Construction spending rose 0.8% in November after downward revisions to October. Solid gains in private sector construction activity offset lackluster performance in the public sector. That trend will likely continue despite talk of an infrastructure bill by the administration in 2018. The administration prefers to target public sector investment to projects that will bring in private sector investors; that means toll roads and bridges
Posts tagged Manufacturing
Consumer spending rose 0.4% in November after adjusting for inflation. That follows a slight downward revision for October. The gains outpaced disposable incomes, which rose a tepid 0.1% after adjusting for inflation. Some of the increase in consumer spending relative to incomes can be attributed to the drawdown in wealth and the use of insurance (as opposed to income) to repair and replace property damaged by recent storms and fires. There is also a small wealth effect
Payroll employment rose a more-than-expected 228,000 in November. The largest increases occurred in health care, professional services and manufacturing. Gains in health care and professional hires were concentrated in low-wage areas, which include support staff and non-doctor health care providers. That marks a shift from earlier in the year when much of the hiring in professional services was for new college graduates who are higher on the wage scale. The increase in administrative help reflects the expansion of offices; this is an area where employment agencies have reported shortages.
Construction spending surged 1.4% in October, buoyed by an increase in public sector outlays. Public sector construction spending jumped nearly 4% in October with repairs to public buildings and infrastructure.
Durable goods orders fell 1.2% in October, giving up a portion of the upward 2.2% swing in September. Much of that weakness may be attributed to a drop in volatile aircraft orders, which fell 18.6% in October after surging more than 30% during the previous two months. Read More »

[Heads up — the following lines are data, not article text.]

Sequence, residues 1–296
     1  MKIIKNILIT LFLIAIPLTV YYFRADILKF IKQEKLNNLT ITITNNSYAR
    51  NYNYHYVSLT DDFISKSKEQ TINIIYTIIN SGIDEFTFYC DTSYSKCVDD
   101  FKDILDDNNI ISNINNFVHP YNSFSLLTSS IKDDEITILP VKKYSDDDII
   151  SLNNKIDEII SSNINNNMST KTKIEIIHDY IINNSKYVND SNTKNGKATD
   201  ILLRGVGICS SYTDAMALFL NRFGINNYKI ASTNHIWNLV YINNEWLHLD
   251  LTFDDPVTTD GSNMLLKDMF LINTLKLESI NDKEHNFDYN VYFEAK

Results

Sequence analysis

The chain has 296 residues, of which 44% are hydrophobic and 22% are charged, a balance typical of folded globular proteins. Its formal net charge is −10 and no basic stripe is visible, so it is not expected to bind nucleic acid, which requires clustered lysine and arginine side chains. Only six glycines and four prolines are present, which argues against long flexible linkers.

Durable goods orders jumped 2.2% in September after being revised up slightly for the month of August. A second monthly surge in aircraft orders – up 31.5% in September – contributed to those gains. Vehicle orders were flat but will likely pick up with sales to those who are replacing vehicles destroyed by hurricanes and fires in recent months.
Durable goods excluding the highly volatile transportation sector rose a moderate but still solid 0.7% last month, matching the pace of August. Gains outside of the transportation sector were strongest in communications equipment for the second month in a row.
Durable goods orders rebounded 1.7% in August after a drop of 6.8% in July. A 44.8% surge in the volatile aircraft sector accounted for a good portion of those outsized gains. Core (non aircraft and defense) durable orders also surprised to the upside
Real GDP was revised up to 3% in the second quarter, 0.4% higher than initially reported. Almost all of that upward revision came from a surge in consumer spending, which spilled over into the start of the third quarter. We also saw somewhat stronger business investment and an accumulation of inventories, which had been drained in the first quarter. The weak areas were state and local government spending, where we are starting to see more of the unfunded pensions across many states.
Durable goods orders dropped 6.8% in July after surging in June. Much of the weakness may be attributed to a 70% drop in aircraft orders which soared nearly 129% in the wake of the Paris air show.
Orders for new vehicles fell 1.2%, marking the second consecutive monthly decline. Vehicle producers are scaling back since aggressive incentives and financing deals liquidated what was left in pent-up demand in recent years. The industry now relies on replacement demand.
Durable goods orders jumped 6.5% in June, following upward revisions to May. A 131% increase in orders following the Paris Air Show was a major contributor to those gains. Boeing alone reported $37 billion in new orders. Aircraft orders have long lead times, however, taking as many as five years to complete. They are also subject to last minute cancellations. Core durable goods orders, excluding the volatile aircraft and defense sectors, actually contracted by 0.1% during the month.